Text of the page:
Lelsing threw his mother’s corpse into some bushes, and drove the laden bullocks home. Naturally his brothers wanted to know where he had got such wealth from, and he explained that it was by selling the dead body of his mother and he was sorry that he had only one to dispose of. At once his brothers went and killed all their wives, and took the corpses away to sell; but no one would buy and they had to return disappointed.

Another trick that Lelsing played his brothers was this: he used to mix rupees in the food he gave his donkey, and these passed out in the droppings; and Lelsing took care that his brothers should know of it. They found no rupees in the dung of their horses, and consulted Lelsing as to the reason why. He told them that if they gave their horses a blow with an axe while they ate their grain, they would find rupees in the dung. The brothers did as they were advised, but the only result was that they killed all their horses.

More and more angry, the brothers resolved to kill Lelsing by guile. So they went to him and said that they had found a wife for him, and would take him to be married. When the procession was ready, Lelsing got into a palki. His brothers made the doors of the palki fast and carried him off towards a deep river, into which they meant to throw him, palki and all.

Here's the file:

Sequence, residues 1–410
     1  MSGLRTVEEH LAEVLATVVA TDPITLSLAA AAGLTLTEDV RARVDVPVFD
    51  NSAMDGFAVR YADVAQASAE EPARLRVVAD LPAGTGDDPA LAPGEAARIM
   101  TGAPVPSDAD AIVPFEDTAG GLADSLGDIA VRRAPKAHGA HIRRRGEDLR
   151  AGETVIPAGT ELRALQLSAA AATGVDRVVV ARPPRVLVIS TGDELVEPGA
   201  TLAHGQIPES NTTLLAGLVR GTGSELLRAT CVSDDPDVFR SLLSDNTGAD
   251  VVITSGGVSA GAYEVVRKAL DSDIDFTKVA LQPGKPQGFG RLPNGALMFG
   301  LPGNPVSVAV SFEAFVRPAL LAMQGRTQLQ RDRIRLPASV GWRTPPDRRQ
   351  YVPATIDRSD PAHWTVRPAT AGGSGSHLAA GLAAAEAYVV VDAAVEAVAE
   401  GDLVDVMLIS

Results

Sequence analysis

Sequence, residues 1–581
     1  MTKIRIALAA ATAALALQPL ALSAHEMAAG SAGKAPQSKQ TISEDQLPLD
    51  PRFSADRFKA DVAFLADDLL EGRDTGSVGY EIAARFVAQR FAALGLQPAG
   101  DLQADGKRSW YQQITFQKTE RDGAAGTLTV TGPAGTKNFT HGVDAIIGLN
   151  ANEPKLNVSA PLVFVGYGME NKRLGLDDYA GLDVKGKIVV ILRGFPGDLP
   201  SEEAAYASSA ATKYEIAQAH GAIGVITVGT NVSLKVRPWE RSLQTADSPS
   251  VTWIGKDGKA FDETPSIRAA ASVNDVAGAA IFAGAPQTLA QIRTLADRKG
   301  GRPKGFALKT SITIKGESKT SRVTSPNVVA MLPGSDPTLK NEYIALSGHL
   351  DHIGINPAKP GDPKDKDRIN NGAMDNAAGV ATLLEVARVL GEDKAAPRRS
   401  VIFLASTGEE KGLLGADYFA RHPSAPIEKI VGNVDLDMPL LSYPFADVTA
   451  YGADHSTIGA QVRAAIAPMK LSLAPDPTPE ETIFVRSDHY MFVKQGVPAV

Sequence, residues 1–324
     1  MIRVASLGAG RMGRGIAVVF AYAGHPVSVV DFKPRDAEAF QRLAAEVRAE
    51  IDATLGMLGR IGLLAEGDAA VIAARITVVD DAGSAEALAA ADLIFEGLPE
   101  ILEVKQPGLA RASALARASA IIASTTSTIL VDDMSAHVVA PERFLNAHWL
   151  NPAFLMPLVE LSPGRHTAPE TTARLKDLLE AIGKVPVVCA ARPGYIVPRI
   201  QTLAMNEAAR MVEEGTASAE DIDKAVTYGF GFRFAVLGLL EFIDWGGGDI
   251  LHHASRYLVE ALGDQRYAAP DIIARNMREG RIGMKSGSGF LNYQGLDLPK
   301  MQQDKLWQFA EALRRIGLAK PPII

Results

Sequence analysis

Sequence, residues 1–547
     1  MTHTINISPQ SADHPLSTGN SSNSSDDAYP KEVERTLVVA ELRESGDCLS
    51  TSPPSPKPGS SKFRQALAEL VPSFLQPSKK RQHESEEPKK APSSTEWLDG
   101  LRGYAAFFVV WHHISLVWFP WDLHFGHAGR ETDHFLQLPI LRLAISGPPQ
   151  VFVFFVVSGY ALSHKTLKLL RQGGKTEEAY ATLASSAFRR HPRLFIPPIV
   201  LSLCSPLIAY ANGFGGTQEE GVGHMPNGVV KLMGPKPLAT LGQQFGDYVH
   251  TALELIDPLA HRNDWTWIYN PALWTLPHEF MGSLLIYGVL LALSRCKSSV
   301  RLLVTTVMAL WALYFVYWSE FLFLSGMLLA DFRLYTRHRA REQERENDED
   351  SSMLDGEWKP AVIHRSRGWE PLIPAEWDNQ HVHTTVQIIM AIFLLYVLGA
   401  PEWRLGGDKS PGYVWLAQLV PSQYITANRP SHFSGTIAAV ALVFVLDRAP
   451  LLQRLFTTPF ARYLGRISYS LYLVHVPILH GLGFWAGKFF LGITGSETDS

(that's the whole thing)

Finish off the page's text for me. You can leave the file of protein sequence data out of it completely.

When they reached the river, they put the palki down and went to look for a suitably deep pool. Lelsing found that he was outwitted, and began to weep and wail. Just then a shepherd came by, driving a flock of sheep and asked what was the matter. Lelsing cried out that they were going to marry him against his will, but that anyone who would take his place in the palki could marry his bride. The shepherd thought that this would be a great opportunity to get a wife without spending any money on the marriage, and readily changed places with Lelsing, who drove away the flock of sheep. The brothers soon came back and, picking up the paiki, threw it into the river and went home, thinking that they had at last got rid of Lelsing.

But four or five days later Lelsing appeared, driving a large flock of sheep. His brothers asked him, in amazement where he had come from, “You threw me” said Lelsing “into a shallow pool of the river where there were only sheep, but in the deeper parts there are cattle and buffaloes as well. I can take you to fetch some of them if you like. You take your palkis to the bank of the river, – for I cannot carry you all – and then shut yourselves inside and I will push you into the water.” So the brothers took their palkis to the river side and shut themselves in, and each called out “Let me have the deepest place, brother.” Then Lelsing pushed them in one by one and they were all drowned. Then he went home rejoicing at the revenge which he had taken for their ill treatment of him.